‘Norway already provides support to the UN, the International Red Cross and Red Crescent Movement and Norwegian humanitarian organisations to enable them to respond immediately,’ said Ms Huitfeldt.

The Ministry of Foreign Affairs is maintaining ongoing contact with Norway’s embassies in the region to determine how Norway can best provide assistance.

‘We will stay in touch with our humanitarian partners throughout the day to gain a better overview over Türkiye’s and Syria’s needs on the ground. Given the scale of the damage from the earthquake, we will assess the provision of additional support as the impacts of the situation become more clear,’ said the Foreign Minister.

Overview of the earthquakes in Turkey. Credit: USGS

Social development and sustainability, employment and decent work on the agenda of UN CSocD session

Source: Government of Finland
The 61st session of the UN Commission for Social Development (CSocD61) will be held in New York from 6 to 15 February 2023.
Finland will be represented at the session by Minister of Social Affairs and Health Hanna Sarkkinen and Youth Delegate Hung Ly.
Finland, the International Labour Organization ILO, the African Union and UN Women will organise a side event focusing on social protection and the effects of climate change.
 
The priority theme for the 61st session of the UN Commission for Social Development will be creating full and productive employment and decent work for all as a way of overcoming inequalities to accelerate the recovery from the COVID-19 pandemic and the full implementation of the 2030 Agenda for Sustainable Development.
The session will also address the social impacts of multifaceted crises.
”Social sustainability is an essential part of the goals of the 2030 Agenda.
Strengthening it is important in the current global situation marred by numerous crises,” says Minister of Social Affairs and Health Hanna Sarkkinen.
 
 Perspectives of young people on employment, decent work and education
Minister Sarkkinen and UN Youth Delegate of Finland Hung Ly will deliver Finland’s address in the general discussion.
 
“The opportunities for the most vulnerable people to access education and find decent work must be actively improved.
We need multi-level cooperation and targeted programmes now more than ever to guarantee security and opportunities for everyone.
It is a human rights and security issue,” says Youth Delegate Hung Ly.
 
The side event organised jointly by Finland, the International Labour Organization ILO, the African Union and UN Women will discuss social protection as a way of supporting those poor and vulnerable people who are losing their livelihood or income as a result of climate change.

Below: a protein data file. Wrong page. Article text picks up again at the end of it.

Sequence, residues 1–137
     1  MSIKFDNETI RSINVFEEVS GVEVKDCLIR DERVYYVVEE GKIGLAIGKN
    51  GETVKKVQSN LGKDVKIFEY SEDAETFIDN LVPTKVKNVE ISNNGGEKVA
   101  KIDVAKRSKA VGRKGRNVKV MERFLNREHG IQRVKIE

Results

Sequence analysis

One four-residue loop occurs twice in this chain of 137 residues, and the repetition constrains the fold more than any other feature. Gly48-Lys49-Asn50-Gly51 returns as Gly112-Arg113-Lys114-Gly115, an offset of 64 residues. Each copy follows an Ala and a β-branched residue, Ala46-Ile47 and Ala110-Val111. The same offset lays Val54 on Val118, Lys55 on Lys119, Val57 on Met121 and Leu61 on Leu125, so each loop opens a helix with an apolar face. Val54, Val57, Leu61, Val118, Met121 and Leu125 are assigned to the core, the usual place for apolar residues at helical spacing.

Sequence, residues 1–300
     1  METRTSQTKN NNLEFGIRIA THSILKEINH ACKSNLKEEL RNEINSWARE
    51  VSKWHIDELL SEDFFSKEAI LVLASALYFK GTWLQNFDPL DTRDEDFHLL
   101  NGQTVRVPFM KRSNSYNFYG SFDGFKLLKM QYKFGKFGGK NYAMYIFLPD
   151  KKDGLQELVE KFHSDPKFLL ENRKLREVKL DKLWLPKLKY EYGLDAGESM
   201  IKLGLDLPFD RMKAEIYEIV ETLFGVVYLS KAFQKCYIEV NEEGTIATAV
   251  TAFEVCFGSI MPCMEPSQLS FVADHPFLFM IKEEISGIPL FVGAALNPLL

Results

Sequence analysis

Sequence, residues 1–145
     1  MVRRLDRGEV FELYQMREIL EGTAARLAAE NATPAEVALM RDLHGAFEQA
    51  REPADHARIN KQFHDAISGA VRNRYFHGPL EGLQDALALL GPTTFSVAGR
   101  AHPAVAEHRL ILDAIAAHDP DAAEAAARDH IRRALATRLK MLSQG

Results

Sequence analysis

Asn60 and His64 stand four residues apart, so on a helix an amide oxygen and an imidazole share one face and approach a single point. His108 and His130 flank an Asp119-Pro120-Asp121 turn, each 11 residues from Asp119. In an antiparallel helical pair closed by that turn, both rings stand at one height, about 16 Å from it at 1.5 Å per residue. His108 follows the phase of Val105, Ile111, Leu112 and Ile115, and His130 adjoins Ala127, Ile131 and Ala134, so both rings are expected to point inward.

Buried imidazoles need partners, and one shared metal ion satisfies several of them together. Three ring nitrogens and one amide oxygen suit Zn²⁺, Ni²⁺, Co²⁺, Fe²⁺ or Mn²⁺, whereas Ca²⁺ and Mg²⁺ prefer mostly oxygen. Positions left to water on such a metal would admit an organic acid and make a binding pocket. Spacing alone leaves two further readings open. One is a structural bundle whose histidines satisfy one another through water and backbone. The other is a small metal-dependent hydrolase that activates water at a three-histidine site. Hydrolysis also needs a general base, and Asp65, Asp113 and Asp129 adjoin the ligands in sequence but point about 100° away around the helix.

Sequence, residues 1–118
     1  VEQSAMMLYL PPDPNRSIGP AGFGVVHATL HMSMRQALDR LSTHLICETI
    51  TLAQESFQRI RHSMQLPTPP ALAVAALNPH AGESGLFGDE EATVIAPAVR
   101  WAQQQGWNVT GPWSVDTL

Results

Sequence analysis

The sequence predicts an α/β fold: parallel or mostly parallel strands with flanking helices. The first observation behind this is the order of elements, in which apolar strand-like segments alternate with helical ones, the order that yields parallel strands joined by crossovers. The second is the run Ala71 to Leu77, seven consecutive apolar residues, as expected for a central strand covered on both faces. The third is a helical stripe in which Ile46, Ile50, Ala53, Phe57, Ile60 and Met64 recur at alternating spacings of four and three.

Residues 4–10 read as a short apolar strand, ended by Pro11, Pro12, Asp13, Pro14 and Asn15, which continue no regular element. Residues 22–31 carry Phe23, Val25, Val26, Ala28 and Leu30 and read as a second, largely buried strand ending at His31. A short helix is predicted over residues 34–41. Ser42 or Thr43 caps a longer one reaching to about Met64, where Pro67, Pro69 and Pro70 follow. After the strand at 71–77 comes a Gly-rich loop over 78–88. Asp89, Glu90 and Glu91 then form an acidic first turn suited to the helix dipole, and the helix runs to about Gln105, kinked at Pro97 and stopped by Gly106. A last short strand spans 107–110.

The UN Commission for Social Development is the key UN body dealing with the social dimension of sustainable development.
The main task of the Commission is to monitor the implementation of the outcome of the Copenhagen World Summit for Social Development (1995).
It also participates in monitoring the UN 2030 Agenda for Sustainable Development.
Finland is a member of the Commission for a fixed period.

 
Finland’s UN Youth Delegates work as links between young people in Finland and the UN, represent young people at the UN General Assembly and promote the visibility of UN matters.
 
Inquiries:
Jiri Sironen, Special Adviser to the Minister, Ministry of Social Affairs and Health, [email protected]
Timo Voipio, Senior Specialist, Ministry of Social Affairs and Health, [email protected]
Hung Ly, UN Youth Delegate [email protected]
un.
org/development/desa/dspd/united-nations-commission-for-social-development-csocd-social-policy-and-development-division/csocd61.
html” class=”yja-external-link”>For more information about the The 61st session of the UN Commission for Social Development, please visit the UN website

 

Prime Minister’s speech at the Leangkollen Security Conference

Source: Government of Norway

One year of brutality and war crimes, of millions fleeing their homes. One year of families being torn apart – by bombs hitting apartment buildings in Kyiv, in the trenches at Bakhmut, and on the battlefields in the East.

And, while the Ukrainians are contending with the horrors of war, the war also has an impact on our daily lives. It has changed Europe and reminded us of what is at stake. We are at a turning point in European history.   

Previously, we talked about a world order under pressure. Now we have a world order under attack. For Norway, this has profound implications. International law is our first line of defence. Our security, prosperity and freedom all rest on a rules-based order. Where might does not mean right. Where sovereign states – be they large or small – can choose their way forward.  

Russia has created a deep divide between those who support Ukraine’s self-defence and the current regime in Moscow. But – the result has been greater unity. Unity amongst allies. And unity amongst democracies that understand what is at stake. A fight for Ukraine´s freedom and territorial integrity – but by extension –, a fight for our security, and our principles and values.